Amgueddfa Blog: Library

If you visit the Snakes exhibition at National Museum Cardiff (open till 15 September), you will see a 16th century book from the Library collections.

 

This unusual book is known as Hortus Sanitatis (although it is also written as Ortus Sanitatis) which roughly translates to ‘The Garden of Health’ in Latin. It is an early example of a herbal, a book containing descriptions of plants, along with how to prepare and use them as medicinal remedies.

 

It started life in 1485 as a German ‘Herbarius’, also called the Gart der Gesundheit, before an extended version, translated into Latin, was published in 1491. Unlike the German version, the new Latin version didn't just focus on plants, but also included remedies involving animals, birds, fish and minerals.

 

Over the next 50 years the book was published in many more editions and languages. As well as new Latin and German editions, it was also translated into Dutch and English (although often in shortened versions). The English edition is called the Noble lyfe & natures of man, of bestes, serpentys, fowles & fisshes, and was produced around 1527. All these editions indicate just how popular this book was in the 15th and 16th centuries. Perhaps it saw so many reprints because unlike most herbals of the period, it covered more than just plants. But by the 1530s it was being replaced by the herbals of the 'German Fathers of Botany', Bock, Brunfels, and Fuchs.

 

Our copy of Hortus Sanitatis is one of the Latin editions published in Strasburg in 1517 by Reinhard Beck. The full title is Ortus sanitatis de herbis et plantis. De animalibus et reptilibus. De avibus et volatilibus. De piscibus et natatilibus. De lapidibus et in terre venis nascentibus. Urinis et earum speciebus.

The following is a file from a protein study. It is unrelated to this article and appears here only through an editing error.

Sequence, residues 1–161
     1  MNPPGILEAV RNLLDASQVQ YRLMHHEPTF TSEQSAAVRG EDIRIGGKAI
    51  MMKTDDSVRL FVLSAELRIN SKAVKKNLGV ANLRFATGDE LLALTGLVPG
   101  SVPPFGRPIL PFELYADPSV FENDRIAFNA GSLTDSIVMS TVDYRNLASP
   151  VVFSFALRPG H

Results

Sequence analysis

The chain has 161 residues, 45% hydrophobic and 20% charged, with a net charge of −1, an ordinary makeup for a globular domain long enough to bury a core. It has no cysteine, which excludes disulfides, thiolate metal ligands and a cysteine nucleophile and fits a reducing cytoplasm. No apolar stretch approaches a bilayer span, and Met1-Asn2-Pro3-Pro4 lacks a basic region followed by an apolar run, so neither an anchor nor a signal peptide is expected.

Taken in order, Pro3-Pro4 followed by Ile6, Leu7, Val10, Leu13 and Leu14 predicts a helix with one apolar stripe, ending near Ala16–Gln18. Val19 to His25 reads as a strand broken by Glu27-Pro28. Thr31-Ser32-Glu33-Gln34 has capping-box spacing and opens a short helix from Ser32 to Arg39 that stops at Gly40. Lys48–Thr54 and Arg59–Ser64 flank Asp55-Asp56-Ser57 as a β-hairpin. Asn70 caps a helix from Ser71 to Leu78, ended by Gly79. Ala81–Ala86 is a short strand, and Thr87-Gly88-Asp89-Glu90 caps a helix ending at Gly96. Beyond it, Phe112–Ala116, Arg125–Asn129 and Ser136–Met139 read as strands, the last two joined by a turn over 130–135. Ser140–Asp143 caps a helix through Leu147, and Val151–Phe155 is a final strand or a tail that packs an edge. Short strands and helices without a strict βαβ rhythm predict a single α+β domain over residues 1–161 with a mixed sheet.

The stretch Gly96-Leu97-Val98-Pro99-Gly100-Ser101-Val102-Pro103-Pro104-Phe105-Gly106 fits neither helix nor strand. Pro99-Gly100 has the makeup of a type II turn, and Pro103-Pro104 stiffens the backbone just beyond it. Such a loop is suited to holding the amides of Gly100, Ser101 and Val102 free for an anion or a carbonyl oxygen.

It has no known author, as was common with herbals of this period, and is heavily illustrated. The illustrations, along with the purchase of the paper for printing, would have been the most expensive part of producing the book, and so were re-used from other works. Unusually for the period, many of the woodcuts are coloured.

 

Our copy of this book is from the Willoughby Gardner Library, but also has a bookplate identifying it as part of the former collection of Charles Butler. Charles Butler, Esq. [1821-1910] was an English politician and collector. He held a very extensive and valuable library at Warren Wood, Hatfield, which was sold off at Sotheby’s in 1911.

 

It’s most likely that Willoughby Gardner purchased the book from that sale, either directly or indirectly from a rare books seller. He regularly purchased books from famous libraries, and so would have been well aware of such a significant auction.

 

The title page of the book also gives us a clue to a much earlier owner. Written in ink are the words ‘Monasterii Montis S. Georgii 1659’, indicating that it might have formerly been in the possession of a monastery in Austria.

 

The monastery of St. Georgenberg was founded on the site of a hermitage, near Stans, and held an extensive library. In the 17th century the abbot decided to reorganise it and give the books new marks of ownership, written on the first and last folios, and usually dated (most often in 1652, 1659, and 1661).